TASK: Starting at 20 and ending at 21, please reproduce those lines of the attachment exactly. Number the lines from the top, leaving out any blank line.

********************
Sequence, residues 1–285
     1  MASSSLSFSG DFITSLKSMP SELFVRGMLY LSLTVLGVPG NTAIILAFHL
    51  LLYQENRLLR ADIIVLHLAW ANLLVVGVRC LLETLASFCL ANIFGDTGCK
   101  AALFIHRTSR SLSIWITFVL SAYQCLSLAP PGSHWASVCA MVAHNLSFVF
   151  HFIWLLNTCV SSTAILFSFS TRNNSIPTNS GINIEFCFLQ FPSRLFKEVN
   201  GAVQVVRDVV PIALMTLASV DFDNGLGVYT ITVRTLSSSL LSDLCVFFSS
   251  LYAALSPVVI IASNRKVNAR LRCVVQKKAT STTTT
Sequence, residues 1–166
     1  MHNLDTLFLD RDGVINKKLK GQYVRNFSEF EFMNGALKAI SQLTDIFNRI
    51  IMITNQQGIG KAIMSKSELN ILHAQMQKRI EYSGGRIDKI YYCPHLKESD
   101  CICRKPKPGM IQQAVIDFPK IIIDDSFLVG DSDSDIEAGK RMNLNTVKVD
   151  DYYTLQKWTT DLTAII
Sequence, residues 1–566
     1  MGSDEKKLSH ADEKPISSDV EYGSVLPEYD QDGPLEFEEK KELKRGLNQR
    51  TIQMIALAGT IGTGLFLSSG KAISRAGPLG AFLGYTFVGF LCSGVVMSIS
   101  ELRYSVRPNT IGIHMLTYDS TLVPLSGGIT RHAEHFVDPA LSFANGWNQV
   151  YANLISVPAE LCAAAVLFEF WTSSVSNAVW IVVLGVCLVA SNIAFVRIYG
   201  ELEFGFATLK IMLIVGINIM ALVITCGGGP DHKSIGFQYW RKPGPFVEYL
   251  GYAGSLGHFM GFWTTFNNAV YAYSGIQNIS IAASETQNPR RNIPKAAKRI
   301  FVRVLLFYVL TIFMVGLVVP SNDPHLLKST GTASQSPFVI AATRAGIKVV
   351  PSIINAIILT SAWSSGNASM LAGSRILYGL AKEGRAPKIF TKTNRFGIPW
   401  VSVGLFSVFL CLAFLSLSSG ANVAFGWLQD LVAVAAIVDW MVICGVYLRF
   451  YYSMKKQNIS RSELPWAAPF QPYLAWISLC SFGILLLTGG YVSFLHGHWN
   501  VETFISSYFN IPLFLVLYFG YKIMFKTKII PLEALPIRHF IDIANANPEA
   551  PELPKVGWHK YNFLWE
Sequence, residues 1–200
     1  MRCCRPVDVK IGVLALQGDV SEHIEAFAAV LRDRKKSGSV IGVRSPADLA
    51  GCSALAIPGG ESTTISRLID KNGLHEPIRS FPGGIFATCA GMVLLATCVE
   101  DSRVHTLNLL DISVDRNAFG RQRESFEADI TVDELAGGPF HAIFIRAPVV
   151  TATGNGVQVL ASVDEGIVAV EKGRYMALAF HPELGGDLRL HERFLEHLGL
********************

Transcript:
   301  FVRVLLFYVL TIFMVGLVVP SNDPHLLKST GTASQSPFVI AATRAGIKVV
   351  PSIINAIILT SAWSSGNASM LAGSRILYGL AKEGRAPKIF TKTNRFGIPW